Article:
South Korea has been reeling from a number of shocking digital sex crimes in the last few months. Sentences for convicted perpetrators remain questionably short.⠀⠀These incidents demonstrate the importance of constant attention and advocacy on gender issues and sex crimes. To explore more on this topic, check out "Dreaming of a Society Free from Digital Sex Crimes" by Hyeonjeong Kim here. ⠀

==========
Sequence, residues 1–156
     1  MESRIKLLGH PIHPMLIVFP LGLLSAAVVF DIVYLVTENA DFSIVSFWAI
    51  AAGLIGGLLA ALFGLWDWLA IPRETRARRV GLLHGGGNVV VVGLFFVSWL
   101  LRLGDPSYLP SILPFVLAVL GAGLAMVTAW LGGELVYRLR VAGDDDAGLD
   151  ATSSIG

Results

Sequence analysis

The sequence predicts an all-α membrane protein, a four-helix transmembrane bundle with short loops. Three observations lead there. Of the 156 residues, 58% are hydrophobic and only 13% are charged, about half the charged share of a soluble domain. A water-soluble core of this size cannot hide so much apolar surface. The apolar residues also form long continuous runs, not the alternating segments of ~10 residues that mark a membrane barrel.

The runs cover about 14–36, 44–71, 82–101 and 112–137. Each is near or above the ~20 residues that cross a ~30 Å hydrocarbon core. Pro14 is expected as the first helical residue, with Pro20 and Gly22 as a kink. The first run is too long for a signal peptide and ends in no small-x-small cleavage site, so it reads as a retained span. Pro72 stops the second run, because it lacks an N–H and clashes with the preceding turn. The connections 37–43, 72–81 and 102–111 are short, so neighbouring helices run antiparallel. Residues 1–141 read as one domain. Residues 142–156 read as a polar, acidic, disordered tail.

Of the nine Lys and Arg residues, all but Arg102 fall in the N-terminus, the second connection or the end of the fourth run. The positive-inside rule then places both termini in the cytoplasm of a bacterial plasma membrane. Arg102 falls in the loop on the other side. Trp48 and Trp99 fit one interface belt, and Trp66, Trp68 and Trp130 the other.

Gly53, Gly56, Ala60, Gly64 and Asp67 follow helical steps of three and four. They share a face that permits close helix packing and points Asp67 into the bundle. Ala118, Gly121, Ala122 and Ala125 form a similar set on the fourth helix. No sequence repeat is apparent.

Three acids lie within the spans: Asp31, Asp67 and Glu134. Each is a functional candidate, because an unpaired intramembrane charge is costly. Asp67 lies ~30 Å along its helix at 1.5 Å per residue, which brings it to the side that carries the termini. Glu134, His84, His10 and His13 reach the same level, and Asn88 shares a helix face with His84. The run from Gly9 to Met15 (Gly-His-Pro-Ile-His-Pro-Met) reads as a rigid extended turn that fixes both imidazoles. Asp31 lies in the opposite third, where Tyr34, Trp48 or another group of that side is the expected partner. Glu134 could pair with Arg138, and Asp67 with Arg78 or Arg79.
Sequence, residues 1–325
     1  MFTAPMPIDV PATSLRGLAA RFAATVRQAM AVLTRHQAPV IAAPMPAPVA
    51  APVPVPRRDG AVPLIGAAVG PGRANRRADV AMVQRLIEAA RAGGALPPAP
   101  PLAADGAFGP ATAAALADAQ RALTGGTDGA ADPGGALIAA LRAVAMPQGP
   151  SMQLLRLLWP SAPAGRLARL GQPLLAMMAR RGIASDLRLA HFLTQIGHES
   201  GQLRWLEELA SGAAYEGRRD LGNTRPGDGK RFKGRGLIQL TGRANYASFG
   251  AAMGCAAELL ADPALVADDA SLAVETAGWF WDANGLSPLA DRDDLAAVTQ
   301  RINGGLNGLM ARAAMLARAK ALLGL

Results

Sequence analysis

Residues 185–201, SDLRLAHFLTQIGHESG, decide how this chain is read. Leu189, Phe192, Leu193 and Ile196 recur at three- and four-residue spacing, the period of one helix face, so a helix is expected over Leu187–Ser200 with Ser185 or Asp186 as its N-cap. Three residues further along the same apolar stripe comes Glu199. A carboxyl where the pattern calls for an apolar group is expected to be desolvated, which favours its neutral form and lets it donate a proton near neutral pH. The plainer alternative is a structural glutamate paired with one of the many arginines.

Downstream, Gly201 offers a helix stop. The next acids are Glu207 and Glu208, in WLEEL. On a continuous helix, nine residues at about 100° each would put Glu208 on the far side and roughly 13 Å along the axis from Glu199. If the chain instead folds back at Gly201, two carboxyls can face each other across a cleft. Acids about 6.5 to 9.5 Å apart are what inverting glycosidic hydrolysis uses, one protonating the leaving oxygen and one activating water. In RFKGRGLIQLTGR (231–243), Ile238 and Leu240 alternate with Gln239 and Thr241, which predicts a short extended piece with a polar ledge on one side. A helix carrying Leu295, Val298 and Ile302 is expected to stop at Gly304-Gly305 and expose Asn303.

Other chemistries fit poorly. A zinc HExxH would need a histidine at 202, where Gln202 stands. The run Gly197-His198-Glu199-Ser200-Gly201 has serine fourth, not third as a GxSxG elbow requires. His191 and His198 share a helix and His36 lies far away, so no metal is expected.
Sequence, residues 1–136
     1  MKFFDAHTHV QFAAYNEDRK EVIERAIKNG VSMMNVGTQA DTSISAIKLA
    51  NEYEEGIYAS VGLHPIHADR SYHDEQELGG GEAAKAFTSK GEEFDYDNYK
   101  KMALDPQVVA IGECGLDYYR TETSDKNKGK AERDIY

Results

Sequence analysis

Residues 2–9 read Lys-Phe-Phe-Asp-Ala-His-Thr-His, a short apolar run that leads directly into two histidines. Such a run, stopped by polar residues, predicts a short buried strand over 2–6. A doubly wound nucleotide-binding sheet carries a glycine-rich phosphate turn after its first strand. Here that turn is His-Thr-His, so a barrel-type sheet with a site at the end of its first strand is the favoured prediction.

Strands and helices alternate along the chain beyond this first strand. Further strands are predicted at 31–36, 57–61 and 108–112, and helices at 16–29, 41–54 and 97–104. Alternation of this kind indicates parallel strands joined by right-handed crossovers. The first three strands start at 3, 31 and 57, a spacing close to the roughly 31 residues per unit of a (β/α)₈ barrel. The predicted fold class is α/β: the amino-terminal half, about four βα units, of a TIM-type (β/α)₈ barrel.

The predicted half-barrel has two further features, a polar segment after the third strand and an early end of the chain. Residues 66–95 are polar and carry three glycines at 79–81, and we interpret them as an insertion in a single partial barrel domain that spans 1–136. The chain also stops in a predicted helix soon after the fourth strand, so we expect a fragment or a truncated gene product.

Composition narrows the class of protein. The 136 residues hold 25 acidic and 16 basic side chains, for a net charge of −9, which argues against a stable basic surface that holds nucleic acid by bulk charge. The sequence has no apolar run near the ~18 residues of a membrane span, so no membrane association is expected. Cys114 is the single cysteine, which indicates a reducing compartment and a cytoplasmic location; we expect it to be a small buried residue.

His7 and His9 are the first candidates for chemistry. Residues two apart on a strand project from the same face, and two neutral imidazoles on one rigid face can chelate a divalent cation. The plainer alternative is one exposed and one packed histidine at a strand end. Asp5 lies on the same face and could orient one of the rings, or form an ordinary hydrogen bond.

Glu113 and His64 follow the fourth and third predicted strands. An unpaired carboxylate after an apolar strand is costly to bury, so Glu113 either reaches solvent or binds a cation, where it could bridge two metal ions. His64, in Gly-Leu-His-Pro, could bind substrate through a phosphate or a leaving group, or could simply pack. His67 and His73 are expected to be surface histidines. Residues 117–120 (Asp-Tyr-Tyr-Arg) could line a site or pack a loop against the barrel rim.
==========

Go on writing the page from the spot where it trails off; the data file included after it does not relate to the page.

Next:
Ju Ryu! Ensemble (Together), 36 x 21 in, Acrylic Paint, 2020 Thank you so much to everyone who took part in our online art event. We still have lots of other online activities focusing on promoting human rights in Asia, so check our website to see more! Stay safe!